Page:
A Frozen Shoulder also occasionally develops in patients taking sedatives from the group of barbiturates or psychotropic drugs (remedies for mental illness).
Frozen Shoulder: examinations and diagnosis
The first point of contact for suspected Frozen Shoulder and other shoulder pain is the family doctor. He can refer you to an orthopedist or shoulder specialist.
The doctor first asks you in detail about your complaints and your medical history (anamnesis). Possible questions are:
- Since when do you have shoulder pain?
- Are you often aroused by the pain at night?
- Did you have an accident, injury or shoulder surgery?
- What do you do for a living?
In the next step, the physical examination follows, whereby the doctor checks, among other things, the mobility of the shoulder.
X-ray examination of the shoulder does not give a specific result with a Frozen Shoulder. That is, the underlying changes of the disease are not visible in an X-ray. Nevertheless, the recording is useful to exclude other causes of shoulder pain such as a bone fracture, calcification or osteoarthritis.
Using ultrasound and magnetic resonance imaging (MRI), the physician can more accurately assess various structures in the shoulder joint (such as thickened ligaments or capsule portions), which can help diagnose Frozen Shoulder.
Frozen Shoulder: Treatment
Frozen shoulder therapy focuses on conservative (non-operative) measures adapted to the stage of the disease.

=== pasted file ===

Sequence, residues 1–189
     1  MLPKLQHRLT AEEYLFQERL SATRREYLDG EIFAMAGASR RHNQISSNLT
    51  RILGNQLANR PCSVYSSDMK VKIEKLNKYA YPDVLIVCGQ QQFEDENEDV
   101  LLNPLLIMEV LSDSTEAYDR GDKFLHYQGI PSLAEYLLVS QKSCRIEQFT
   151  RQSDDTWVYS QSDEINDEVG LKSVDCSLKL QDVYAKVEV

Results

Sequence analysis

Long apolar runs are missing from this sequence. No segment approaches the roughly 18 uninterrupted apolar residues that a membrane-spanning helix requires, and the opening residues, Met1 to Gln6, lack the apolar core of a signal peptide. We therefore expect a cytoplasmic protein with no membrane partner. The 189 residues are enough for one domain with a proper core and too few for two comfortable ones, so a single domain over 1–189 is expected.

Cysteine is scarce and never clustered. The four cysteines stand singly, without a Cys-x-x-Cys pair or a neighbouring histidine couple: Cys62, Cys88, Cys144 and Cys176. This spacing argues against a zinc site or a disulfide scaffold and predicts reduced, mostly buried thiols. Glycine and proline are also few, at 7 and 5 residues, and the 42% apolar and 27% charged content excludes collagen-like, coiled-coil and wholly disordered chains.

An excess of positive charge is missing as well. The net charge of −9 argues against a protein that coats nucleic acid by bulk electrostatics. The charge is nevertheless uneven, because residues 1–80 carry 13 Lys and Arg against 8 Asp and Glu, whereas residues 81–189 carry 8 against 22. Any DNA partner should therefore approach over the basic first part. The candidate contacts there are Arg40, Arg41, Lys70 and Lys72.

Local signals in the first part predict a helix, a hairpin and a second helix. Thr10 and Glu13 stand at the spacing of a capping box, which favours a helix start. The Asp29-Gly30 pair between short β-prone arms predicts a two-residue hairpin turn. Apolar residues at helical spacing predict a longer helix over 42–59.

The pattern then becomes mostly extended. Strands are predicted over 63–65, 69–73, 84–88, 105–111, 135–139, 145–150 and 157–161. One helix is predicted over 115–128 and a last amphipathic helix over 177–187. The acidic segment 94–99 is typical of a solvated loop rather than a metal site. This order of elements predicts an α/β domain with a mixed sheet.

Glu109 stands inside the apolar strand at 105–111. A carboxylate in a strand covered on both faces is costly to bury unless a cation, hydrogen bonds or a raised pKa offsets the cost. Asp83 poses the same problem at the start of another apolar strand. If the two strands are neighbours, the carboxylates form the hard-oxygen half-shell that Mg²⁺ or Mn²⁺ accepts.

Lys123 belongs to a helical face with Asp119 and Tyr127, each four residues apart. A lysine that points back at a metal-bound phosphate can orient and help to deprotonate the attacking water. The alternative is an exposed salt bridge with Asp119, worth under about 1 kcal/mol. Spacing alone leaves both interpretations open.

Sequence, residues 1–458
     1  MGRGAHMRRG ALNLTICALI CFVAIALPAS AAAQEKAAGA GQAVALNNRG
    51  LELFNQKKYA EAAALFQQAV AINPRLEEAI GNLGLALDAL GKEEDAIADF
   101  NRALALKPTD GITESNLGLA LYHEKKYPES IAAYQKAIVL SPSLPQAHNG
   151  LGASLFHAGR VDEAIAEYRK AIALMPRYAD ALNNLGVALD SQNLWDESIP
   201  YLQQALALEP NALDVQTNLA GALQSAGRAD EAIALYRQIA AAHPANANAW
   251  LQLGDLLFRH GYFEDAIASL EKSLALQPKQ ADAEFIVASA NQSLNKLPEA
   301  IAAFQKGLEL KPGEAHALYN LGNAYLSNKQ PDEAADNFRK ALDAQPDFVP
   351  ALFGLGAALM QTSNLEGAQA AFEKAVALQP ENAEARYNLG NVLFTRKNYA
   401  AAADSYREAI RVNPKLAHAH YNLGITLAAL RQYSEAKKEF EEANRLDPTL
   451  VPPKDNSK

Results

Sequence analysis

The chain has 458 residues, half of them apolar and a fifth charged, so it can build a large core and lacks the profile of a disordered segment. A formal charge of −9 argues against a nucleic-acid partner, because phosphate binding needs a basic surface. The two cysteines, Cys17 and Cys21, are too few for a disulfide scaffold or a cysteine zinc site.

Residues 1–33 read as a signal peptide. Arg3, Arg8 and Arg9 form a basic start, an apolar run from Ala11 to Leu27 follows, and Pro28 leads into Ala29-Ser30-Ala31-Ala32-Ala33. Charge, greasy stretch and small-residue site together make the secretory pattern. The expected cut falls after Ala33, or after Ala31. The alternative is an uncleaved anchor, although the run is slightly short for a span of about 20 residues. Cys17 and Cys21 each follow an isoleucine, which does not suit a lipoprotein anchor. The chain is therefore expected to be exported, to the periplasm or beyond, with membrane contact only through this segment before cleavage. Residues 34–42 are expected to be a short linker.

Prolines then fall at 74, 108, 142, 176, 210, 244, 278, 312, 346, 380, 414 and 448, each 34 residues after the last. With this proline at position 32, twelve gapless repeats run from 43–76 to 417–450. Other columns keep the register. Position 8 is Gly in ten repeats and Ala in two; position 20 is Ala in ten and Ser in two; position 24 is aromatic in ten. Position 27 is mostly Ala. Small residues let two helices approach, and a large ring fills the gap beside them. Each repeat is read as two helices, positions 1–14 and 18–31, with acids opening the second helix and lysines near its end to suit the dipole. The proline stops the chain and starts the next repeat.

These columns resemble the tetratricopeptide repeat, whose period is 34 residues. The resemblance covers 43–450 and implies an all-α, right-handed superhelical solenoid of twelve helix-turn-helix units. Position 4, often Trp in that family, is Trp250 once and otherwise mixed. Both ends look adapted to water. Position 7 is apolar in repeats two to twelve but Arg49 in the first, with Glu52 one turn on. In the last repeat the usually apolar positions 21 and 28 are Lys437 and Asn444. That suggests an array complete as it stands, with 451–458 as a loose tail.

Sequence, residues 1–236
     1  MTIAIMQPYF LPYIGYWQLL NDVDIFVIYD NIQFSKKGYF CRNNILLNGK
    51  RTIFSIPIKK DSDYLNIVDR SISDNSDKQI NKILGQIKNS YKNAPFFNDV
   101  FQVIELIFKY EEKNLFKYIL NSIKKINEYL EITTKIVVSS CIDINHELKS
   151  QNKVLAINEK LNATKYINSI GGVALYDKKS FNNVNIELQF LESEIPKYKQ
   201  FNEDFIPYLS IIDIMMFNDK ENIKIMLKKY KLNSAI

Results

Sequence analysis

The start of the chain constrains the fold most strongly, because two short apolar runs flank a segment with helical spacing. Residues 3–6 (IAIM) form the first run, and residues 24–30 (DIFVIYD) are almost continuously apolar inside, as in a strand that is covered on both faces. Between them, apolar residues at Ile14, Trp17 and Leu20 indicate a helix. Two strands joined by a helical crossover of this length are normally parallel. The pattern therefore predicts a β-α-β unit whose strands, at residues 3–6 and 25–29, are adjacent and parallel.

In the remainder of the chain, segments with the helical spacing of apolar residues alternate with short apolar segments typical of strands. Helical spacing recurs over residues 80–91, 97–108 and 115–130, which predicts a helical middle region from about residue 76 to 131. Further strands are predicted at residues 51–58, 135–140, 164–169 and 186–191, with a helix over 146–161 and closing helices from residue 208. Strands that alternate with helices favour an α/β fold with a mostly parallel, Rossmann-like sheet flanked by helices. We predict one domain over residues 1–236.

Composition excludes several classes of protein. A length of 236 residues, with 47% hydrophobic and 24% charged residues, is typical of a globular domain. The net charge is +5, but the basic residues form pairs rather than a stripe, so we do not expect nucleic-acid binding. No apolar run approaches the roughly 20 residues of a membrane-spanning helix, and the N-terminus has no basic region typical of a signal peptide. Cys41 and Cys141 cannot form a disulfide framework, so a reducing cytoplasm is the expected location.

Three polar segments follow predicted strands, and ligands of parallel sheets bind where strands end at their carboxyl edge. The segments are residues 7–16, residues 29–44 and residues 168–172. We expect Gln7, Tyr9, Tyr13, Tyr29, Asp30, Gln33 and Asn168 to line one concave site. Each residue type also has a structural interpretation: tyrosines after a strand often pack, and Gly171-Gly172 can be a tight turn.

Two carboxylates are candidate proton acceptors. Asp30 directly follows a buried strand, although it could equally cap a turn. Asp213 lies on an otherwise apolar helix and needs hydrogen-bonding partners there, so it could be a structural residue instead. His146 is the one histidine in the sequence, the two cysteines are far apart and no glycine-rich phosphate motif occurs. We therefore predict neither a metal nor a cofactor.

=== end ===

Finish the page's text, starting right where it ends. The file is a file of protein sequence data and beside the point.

Measures such as ice treatments, electrotherapy or the hot roller (special heat treatment with massage) improve the blood circulation and relieve the initially severe pain of frozen shoulder. Exercises in the water (eg in the exercise bath) help to maintain the mobility in the first phase of the disease, to relieve the pain in the second phase and to widen the scope of movement in the third phase.
Physiotherapeutic exercises should be performed with caution and to the extent that they cause no pain, especially in the first phase of the disease. From the second phase of the disease, manual therapy can improve the range of motion of the affected shoulder. Again, the exercises should be performed only in pain-free range of motion and not exceed the limits of movement. The therapist can also show the patient home exercises, for example so-called pendulum exercises.
Even in the third stage of the disease, when Frozen Shoulder slowly “thaws” again, exercise training is very important. The patient should train consistently with the therapist and at home to be able to fully move the diseased shoulder as soon as possible.
Medicines on Frozen Shoulder
If necessary, patients with a frozen shoulder will receive analgesic and anti-inflammatory drugs, especially those from the group of non-steroidal anti-inflammatory drugs (NSAIDs such as diclofenac, ibuprofen, ASA). In phase 2 of a Frozen Shoulder, when the pain subsides, the administration of such analgesics can be reduced accordingly.
Sometimes patients with a frozen shoulder are given cortisone, such as a syringe in the shoulder joint or as a tablet. Cortisone has a strong anti-inflammatory effect.
Operation at Frozen Shoulder
If conservative measures in a Frozen Shoulder do not bring the desired success, an operation may be useful: As part of a joint mirroring (arthroscopy) under general anesthesia adhesions in the shoulder joint are solved. The joint becomes more mobile again. The procedure should only be performed by an experienced surgeon.
Frozen Shoulder: Disease course and prognosis
The treatment of Frozen Shoulder is tedious and requires patience from the patient. In general, the disease progresses over one to three years. Sometimes one heals Frozen shoulder not completely, but leaves in the long term movement restrictions.